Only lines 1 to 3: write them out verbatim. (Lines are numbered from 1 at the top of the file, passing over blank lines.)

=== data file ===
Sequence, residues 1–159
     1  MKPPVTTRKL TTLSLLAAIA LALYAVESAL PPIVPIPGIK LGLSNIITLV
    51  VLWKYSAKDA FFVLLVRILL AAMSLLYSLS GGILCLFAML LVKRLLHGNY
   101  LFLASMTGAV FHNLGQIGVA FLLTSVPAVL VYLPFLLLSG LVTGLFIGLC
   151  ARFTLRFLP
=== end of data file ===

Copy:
Sequence, residues 1–159
     1  MKPPVTTRKL TTLSLLAAIA LALYAVESAL PPIVPIPGIK LGLSNIITLV
    51  VLWKYSAKDA FFVLLVRILL AAMSLLYSLS GGILCLFAML LVKRLLHGNY